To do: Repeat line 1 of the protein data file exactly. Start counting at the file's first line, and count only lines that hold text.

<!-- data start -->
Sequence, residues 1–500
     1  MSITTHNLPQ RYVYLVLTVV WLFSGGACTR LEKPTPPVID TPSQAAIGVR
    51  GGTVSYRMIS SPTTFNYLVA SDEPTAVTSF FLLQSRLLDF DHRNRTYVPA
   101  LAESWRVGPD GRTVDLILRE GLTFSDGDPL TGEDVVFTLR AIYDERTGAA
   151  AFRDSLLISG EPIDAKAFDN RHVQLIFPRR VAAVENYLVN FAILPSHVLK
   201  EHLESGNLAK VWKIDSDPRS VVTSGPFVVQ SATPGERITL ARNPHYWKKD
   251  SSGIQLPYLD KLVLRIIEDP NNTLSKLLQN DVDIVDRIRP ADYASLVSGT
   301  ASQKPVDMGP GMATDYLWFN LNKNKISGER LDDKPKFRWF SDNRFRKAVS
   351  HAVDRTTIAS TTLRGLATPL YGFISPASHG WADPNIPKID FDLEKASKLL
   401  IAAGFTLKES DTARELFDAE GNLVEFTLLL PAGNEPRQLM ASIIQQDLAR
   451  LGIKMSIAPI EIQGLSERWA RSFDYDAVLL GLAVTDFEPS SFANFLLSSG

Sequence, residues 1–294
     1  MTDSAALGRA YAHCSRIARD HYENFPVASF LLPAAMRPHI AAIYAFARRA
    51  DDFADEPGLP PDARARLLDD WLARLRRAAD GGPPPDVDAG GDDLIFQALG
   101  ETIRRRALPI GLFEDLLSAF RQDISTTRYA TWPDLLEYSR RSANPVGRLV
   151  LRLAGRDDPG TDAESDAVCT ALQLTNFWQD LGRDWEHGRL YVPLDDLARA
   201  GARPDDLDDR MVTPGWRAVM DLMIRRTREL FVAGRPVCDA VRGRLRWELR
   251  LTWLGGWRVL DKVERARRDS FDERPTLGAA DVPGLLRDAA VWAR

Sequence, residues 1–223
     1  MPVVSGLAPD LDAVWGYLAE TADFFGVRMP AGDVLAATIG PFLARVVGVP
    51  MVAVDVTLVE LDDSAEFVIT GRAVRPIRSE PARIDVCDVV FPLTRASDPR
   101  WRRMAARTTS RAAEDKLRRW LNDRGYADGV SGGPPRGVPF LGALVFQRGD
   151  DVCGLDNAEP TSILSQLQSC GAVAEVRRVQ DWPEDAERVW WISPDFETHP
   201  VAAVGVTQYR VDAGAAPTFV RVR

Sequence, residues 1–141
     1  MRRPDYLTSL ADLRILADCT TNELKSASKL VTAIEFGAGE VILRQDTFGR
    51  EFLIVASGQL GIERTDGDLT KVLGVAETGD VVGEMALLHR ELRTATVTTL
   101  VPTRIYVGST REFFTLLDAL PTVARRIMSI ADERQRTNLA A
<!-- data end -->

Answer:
Sequence, residues 1–500